By: Cole Cusumano
Photo By: John Harrelson | Nigel Kinrade Photography
AVONDALE, Ariz. — The time has officially come. A race weekend that the sport’s best have had circled on their calendar since the 2020 NASCAR Cup Series schedule was released. Thirty-eight of the world’s best athletes will prepare to do battle in the Valley of the Sun with the goal in mind for Championship Weekend in November – this is Phoenix Raceway.
After 2019 left the NASCAR community and its stars dissatisfied and overall bored at the Arizona-based track, the sport’s competition directors knew something would have to be done to improve the racing for fans and drivers alike. After all, you can’t have a bland event for a state of the art facility that recently underwent a $178 million renovation that needs to be seen to believe.
As a result, the sport’s higher ups began listening to input from the driver’s association and started to implement an assortment of possible strategies to boost the competitive edge and watchability of the 312 Lap contest at the one-mile track.
The first change came in the form of a modification that was put in place in the Fall of last season to improve the racing; more application of the PJ1 traction compound. The previous November, the sticky substance was laid down all around the track. The problem? It was ultimately too high in the corners that it really didn’t play a factor into the event.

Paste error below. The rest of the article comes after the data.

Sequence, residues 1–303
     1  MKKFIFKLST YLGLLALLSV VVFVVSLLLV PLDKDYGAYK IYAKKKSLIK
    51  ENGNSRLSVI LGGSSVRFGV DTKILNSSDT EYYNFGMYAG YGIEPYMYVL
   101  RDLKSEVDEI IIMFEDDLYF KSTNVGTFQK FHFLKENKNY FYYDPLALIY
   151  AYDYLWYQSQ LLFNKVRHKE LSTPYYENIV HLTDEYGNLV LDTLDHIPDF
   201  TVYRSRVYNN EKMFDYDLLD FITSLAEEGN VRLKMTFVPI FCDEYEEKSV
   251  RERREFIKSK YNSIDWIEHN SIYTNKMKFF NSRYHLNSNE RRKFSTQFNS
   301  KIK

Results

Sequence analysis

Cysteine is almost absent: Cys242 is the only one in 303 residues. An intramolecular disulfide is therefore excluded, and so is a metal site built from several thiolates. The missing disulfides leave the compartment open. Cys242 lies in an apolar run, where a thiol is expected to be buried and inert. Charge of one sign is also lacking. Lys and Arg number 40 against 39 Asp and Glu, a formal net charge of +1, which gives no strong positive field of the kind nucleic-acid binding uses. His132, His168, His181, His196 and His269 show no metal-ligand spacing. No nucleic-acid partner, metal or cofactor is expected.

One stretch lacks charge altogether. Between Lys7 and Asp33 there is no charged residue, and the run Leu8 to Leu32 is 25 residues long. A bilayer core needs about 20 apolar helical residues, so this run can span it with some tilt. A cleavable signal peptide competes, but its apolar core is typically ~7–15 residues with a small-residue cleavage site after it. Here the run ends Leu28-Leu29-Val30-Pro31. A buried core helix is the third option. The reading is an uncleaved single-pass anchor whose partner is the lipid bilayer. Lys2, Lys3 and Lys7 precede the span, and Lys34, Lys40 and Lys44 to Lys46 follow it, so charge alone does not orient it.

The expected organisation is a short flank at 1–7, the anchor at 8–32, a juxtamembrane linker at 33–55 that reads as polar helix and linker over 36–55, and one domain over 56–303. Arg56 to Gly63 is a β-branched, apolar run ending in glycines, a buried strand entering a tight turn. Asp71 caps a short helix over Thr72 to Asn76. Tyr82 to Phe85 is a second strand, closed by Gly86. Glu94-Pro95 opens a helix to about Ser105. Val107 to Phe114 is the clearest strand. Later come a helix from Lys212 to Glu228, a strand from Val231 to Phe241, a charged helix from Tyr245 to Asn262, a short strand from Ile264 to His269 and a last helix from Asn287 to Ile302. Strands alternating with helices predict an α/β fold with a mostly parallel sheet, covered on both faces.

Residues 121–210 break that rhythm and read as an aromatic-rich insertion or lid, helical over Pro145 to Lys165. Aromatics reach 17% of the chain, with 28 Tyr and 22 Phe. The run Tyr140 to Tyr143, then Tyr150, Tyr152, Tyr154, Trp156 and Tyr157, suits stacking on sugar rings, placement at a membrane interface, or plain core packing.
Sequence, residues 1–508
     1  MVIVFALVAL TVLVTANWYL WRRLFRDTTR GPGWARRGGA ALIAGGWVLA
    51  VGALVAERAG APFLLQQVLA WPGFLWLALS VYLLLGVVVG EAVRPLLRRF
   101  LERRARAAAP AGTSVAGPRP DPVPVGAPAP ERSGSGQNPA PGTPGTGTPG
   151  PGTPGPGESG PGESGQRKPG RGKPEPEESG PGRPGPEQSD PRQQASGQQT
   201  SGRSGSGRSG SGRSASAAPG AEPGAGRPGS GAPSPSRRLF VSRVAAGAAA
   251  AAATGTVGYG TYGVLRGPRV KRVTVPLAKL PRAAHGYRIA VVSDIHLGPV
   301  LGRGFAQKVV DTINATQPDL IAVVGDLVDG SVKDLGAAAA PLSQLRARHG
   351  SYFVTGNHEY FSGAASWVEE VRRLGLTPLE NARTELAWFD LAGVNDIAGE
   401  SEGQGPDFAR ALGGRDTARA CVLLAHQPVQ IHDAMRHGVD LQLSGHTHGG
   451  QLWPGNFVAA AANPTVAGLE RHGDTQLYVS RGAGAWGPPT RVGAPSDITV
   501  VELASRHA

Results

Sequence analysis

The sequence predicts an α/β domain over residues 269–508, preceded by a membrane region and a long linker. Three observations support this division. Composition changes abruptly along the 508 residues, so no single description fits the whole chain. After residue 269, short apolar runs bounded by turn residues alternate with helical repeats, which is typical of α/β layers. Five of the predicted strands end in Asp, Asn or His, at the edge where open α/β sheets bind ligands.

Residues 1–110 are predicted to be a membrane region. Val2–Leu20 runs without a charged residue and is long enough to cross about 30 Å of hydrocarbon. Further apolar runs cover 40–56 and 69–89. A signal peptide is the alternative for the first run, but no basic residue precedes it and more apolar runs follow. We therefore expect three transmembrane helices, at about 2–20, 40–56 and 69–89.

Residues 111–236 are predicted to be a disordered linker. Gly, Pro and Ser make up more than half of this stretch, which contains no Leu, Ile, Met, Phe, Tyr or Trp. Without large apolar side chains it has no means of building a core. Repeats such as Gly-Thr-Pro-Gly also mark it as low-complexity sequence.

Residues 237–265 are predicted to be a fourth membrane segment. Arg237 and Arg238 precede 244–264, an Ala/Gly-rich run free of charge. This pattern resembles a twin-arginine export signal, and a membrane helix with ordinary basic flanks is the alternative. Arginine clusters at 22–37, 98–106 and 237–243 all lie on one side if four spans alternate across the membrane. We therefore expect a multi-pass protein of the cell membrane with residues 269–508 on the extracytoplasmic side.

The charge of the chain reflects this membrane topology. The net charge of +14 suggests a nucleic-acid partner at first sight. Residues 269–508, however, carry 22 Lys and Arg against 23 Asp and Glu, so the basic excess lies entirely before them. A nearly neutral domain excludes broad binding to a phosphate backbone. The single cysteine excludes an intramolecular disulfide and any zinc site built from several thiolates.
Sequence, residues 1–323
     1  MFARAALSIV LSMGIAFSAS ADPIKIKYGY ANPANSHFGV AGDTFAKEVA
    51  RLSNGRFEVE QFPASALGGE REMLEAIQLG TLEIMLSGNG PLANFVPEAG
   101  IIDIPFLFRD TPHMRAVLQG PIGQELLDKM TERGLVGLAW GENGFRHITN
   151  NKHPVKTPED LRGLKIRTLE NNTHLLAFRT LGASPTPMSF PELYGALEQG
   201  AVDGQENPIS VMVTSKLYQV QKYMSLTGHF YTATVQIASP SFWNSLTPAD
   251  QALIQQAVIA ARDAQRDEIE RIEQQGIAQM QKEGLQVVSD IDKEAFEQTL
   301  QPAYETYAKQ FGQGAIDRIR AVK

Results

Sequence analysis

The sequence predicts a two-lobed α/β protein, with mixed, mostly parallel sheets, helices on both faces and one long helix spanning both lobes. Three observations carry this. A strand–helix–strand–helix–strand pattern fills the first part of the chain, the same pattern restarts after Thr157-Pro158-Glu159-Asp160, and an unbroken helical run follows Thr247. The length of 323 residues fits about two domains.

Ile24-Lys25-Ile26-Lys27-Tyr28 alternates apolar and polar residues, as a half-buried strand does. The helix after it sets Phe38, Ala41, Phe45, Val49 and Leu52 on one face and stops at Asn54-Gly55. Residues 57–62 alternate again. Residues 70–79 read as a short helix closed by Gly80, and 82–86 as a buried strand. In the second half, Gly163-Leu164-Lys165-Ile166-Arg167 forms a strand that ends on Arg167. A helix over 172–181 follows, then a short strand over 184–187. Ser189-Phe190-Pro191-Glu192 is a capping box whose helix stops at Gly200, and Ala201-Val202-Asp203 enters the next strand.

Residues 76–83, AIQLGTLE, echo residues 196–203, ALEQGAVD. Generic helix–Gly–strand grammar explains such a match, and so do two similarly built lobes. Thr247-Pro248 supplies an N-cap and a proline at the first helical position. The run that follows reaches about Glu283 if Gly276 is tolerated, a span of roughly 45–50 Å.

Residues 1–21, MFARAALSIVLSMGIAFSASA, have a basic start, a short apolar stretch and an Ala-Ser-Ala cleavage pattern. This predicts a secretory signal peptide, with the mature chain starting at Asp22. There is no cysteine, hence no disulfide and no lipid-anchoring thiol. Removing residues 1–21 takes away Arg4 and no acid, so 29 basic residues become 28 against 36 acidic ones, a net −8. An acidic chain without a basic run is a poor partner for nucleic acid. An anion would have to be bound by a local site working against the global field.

After a pair of practice sessions and qualifying, drivers are finding out that the traction compound will indeed play a factor in Sunday’s race.
“If you miss the bottom by a few feet I think your rights are going to be in it,” Ryan Blaney told POPULAR SPEED.
“In the Cup race, we always seem to find lines that the other series really don’t. There’s enough experience where people know and trust it. I think it will be a factor, especially with it being slightly lower,” Denny Hamlin added.
The biggest difference maker between this year and the prior is that the compound was moved significantly lower in turns three and four. Looking back at last season, it was virtually non-existent in these corners.
“You know darn well that is going to be a massive change in the grip level of the race track and what that brings to your car,” Clint Bowyer said.
The most notable change that NASCAR revealed in the off season was that he sport’s highest level will now be using a new low downforce short track package. The setup shortened the spoiler significantly, brought in the front splitter overhang and removed the vertical fencing from the radiator pans to aid in reduced downforce.
While many thought this would be a game changer, we’ve seen quite a mixed bag of reactions to how the package handled in practice and qualifying. A majority of the drivers were in favor of the adjustments, saying that the cars drove similar to the 2018 setups.